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June 19, 2008

How Much Testing Is Too Much?

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I was reading Search Engine Land yesterday (as I’m known to do) and came across Jon Miller’s article how about much landing page testing is too much. Jon offers up a highly fancy-looking equation that you can use to determine when you’re done testing your landing page. It made me giggle. A landing page test calculator? Really? There are three very easy ways to know if you’ve done enough testing and none of them include a calculator:

  1. You’ve reached the burn rate where the test findings will breed only minimal results.
  2. When there are other, more critical elements or pages to test.
  3. When the person in charge of your testing process threatens to quit if you make them run one more darn A/B experiment.

See how easy that was? And no formula involved!

Truthfully, whether you’re doing A/B Testing where you test one element or a time or you’re using a Multivariate testing tool like Google Website Optimizer, you can test forever. It doesn’t matter if you’re talking landing pages, new site elements or better copy on interior pages, the iterations can go on forever. There will always be a better way to word something, a better place to put that image, or a new angle that your customers may die for. But at some point, the benefit of conducting the test looks like this:

(I have mad MS Paint skills, eh?)

Most search marketers will know intuitively when they’ve reached the burn rate for a particular test. It’s when you implement the change and find it didn’t improve the user experience on your Web site or result in a lower cost of conversion. When you get there, move on and start testing another page or site element. There’s no use having one perfect page if the rest of your site is falling by the wayside.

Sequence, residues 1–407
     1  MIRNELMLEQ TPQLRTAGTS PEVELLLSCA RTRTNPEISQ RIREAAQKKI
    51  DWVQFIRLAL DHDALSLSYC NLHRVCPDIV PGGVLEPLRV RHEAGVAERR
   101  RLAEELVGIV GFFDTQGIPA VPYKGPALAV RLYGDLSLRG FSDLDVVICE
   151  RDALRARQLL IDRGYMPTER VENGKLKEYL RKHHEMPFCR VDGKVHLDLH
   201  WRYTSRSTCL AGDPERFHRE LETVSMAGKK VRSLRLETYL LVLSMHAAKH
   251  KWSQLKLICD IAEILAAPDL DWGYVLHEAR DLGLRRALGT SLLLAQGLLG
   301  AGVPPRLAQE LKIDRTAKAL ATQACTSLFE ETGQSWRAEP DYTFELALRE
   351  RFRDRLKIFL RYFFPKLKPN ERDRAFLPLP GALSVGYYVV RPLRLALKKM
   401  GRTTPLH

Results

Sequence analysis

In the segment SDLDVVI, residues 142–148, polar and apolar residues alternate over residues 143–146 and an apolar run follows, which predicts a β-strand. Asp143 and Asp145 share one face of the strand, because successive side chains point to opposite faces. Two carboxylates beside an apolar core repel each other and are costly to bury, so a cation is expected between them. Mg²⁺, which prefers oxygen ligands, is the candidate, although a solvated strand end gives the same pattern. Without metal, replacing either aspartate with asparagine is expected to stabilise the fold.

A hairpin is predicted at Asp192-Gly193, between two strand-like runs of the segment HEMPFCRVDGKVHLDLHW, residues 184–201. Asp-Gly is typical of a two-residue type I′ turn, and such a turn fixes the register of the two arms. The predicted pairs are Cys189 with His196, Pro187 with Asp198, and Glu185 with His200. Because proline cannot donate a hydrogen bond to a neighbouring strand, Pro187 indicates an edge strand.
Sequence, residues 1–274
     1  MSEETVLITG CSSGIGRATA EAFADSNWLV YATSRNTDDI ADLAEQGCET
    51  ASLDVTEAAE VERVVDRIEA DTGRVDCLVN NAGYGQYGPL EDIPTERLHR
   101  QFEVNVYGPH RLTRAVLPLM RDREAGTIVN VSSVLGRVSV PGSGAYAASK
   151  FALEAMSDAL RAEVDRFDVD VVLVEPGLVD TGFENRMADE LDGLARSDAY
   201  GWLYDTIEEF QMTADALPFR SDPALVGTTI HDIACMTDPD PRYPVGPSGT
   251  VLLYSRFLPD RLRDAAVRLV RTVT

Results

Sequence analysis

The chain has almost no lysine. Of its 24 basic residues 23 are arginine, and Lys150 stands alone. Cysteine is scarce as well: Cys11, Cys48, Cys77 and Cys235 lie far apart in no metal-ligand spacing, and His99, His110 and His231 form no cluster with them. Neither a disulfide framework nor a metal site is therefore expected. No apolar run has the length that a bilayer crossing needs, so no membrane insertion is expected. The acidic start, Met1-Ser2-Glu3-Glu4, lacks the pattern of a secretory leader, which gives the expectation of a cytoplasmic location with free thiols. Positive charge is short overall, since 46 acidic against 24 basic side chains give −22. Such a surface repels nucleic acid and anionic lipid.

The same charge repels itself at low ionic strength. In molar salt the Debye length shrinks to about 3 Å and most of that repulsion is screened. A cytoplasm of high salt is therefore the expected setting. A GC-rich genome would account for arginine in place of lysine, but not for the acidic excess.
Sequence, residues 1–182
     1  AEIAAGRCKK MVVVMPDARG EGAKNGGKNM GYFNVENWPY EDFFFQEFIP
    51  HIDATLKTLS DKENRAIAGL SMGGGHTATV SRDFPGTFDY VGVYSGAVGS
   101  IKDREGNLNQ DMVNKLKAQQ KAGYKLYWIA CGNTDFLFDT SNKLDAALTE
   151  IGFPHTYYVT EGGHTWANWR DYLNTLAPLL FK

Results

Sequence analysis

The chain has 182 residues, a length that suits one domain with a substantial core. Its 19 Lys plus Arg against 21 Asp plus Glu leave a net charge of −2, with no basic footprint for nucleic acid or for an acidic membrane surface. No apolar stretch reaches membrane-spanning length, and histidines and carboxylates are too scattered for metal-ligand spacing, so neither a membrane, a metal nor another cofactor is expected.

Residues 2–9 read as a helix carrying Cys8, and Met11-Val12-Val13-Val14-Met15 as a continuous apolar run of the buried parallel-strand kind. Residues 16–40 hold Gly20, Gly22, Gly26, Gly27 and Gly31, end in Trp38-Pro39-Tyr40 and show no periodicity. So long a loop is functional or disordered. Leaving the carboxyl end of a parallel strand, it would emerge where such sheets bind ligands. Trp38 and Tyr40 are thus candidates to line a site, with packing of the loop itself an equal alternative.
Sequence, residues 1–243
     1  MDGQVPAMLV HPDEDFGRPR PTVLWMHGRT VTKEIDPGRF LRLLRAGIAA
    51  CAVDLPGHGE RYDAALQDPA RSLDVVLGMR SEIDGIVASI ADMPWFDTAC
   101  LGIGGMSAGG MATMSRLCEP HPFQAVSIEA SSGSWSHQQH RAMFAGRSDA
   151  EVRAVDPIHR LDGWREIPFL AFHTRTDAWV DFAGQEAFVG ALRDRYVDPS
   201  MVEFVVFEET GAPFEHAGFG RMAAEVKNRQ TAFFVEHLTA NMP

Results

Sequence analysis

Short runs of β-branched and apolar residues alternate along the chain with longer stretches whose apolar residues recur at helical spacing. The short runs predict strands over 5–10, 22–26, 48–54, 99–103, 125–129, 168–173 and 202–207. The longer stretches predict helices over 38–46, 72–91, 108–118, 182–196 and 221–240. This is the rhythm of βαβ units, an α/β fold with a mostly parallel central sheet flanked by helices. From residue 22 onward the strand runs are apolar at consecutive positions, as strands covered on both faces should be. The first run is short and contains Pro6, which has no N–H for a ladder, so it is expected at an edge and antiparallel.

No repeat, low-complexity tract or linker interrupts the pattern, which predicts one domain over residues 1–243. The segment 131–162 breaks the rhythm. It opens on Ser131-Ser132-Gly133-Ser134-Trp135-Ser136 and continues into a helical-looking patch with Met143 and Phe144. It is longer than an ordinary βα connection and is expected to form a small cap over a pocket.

When you’re doing your testing, conduct it in one week increments so you take into account any day of week or time of day effects. Your test may run several weeks long or a even solid month depending on what you’re testing. You shouldn’t end your test until you have complete confidence in the answer it’s giving you. Sometimes that means running something more than once.

Make you sure you have enough data when you’re conducting your tests and don’t ignore your baseline measurements. Your customers may have preferred the “old” way to the new one. Don’t be afraid to admit that to yourself.

Once you’re confident with your results and reach that elusive burn rate, move on to another page element and start the process again. Search engine optimization isn’t about perfection; it’s about balancing your “good enoughs”.

But don’t forget to come back in the future. Once you think you have a page optimized, it doesn’t mean you’ll have it optimized forever. Your users and what they’re looking for change so frequently that it’s important to go back and restart old tests. You can step away, but you have to come back and retest and re-measure things like clicks, engagement indicators, user behavior, etc.

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